In other words, every act that is considered “bad” for the society will have their payoff deduced by 7 and that will cost -0.5 in utilities for the society. Now, you may be thinking why will society do anything like that? There is a loss of utility for the society which can be money, time anything and on the other hand, the people who are committing a crime are getting a terrible punishment as well.
But the truth of the matter is that we, as a society, have always integrated this in our daily life. What adding the punishment factor does is that it reduces the payoff from “bad” activities and changes the matrix like this:
See how the payoff from the “bad” activity for deduced by a factor of 7?
As you can see, by adding the punishment factor, the Nash Equilibrium changes from something that could have been bad for the society to something that is good for the society. So it changes from, Ben and Rob doing the bank heist to Ben and Rob doing the bank heist but also facing the consequences of a punishment.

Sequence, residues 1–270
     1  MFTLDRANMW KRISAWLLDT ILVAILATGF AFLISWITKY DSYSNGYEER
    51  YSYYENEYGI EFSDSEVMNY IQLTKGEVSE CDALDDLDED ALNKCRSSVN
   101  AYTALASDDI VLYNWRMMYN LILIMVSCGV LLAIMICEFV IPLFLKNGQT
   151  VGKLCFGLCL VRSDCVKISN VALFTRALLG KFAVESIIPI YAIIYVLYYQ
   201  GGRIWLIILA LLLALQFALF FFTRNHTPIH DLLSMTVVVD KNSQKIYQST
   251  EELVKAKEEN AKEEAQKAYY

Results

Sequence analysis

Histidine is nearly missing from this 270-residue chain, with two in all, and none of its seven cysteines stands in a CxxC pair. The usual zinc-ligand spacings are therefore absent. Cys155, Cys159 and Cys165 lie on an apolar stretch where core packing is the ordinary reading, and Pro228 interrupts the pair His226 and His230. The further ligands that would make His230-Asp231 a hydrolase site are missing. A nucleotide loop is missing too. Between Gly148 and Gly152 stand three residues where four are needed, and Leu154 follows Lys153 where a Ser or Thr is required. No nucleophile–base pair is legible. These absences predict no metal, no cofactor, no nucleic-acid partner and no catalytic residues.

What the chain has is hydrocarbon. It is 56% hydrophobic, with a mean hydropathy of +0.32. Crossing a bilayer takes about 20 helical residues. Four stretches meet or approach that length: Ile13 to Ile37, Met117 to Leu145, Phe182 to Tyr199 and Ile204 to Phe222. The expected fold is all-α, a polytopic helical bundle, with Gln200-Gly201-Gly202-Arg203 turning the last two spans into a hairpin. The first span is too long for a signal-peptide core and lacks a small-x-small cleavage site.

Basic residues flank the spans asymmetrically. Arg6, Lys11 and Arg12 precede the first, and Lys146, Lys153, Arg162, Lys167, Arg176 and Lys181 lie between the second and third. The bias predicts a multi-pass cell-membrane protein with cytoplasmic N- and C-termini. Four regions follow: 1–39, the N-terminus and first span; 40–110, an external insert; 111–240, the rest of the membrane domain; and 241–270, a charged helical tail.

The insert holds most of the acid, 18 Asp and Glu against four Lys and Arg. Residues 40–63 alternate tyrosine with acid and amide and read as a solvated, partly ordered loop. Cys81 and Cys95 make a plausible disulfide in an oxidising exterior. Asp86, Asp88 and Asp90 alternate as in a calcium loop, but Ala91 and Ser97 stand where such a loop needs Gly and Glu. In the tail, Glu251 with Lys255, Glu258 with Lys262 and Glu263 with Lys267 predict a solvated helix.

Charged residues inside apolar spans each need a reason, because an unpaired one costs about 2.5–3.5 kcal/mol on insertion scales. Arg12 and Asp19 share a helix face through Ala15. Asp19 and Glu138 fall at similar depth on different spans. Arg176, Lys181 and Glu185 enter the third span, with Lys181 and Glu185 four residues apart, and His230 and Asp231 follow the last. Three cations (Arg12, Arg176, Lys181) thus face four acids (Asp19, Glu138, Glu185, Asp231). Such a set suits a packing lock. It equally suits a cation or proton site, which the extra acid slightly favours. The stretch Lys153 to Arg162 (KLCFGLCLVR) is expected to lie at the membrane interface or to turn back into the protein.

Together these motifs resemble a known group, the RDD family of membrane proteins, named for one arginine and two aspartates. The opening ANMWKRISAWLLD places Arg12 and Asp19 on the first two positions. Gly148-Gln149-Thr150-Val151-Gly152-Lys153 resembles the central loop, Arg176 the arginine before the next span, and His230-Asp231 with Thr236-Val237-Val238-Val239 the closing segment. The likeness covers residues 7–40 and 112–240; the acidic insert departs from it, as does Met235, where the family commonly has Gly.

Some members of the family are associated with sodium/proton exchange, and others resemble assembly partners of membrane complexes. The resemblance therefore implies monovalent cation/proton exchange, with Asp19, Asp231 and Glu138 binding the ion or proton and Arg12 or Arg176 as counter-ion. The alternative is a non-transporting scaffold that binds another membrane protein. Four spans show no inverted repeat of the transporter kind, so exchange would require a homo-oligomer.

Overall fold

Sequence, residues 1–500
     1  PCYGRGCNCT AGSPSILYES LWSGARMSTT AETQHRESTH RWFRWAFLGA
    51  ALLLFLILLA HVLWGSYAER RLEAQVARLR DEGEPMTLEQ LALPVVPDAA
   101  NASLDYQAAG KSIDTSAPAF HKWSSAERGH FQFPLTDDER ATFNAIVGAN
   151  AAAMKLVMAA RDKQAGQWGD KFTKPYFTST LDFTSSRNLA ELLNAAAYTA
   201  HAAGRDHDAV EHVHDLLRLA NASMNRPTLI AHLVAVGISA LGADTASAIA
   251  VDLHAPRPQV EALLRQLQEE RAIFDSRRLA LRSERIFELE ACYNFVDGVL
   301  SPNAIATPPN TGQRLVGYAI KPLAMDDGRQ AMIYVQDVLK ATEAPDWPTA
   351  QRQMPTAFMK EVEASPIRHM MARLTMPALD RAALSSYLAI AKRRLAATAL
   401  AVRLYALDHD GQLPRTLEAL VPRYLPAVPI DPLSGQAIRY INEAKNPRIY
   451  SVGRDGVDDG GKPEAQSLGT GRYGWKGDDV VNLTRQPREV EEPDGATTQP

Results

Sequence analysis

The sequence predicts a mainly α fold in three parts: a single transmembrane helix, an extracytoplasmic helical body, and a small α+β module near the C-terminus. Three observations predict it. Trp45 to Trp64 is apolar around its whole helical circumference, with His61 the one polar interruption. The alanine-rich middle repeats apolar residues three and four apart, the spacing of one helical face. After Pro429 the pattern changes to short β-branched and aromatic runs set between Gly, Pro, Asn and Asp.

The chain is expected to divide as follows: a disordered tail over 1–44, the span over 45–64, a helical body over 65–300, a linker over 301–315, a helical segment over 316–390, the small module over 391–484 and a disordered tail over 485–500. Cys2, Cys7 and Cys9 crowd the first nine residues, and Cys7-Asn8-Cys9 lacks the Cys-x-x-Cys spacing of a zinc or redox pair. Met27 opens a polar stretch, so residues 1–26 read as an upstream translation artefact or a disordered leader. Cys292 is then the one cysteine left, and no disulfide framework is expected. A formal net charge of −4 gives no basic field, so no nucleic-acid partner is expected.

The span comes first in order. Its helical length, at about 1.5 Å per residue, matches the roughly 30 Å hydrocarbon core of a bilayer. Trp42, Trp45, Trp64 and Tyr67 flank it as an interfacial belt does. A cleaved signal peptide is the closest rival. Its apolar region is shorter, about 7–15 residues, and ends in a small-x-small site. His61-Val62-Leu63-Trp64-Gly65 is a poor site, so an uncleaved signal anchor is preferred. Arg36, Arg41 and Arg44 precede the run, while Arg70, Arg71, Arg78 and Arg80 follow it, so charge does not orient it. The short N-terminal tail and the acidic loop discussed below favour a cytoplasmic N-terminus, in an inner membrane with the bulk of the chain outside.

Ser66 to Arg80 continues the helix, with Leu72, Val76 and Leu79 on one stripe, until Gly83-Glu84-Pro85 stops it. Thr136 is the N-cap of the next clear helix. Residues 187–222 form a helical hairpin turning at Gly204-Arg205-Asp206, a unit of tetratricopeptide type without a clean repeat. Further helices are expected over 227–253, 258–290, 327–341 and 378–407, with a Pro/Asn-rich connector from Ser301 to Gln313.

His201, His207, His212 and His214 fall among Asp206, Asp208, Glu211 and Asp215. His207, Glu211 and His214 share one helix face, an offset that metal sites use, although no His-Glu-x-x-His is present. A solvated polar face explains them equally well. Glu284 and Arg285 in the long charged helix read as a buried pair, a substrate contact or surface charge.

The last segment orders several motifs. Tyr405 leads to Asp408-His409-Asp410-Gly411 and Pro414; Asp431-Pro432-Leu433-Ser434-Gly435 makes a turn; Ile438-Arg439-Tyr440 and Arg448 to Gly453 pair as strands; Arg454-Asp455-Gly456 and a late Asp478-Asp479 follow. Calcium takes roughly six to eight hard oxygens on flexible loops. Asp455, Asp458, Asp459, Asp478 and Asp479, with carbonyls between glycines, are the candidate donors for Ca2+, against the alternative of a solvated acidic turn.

So, going back to the question, what is the incentive for a society to go through the punishment? Why will they want to waste their utilities? The way that people have answered this question is by making punishment mandatory. In, other words, if someone is a society doesn’t go along with the punishment, then they themselves become criminals and are subject to punishment.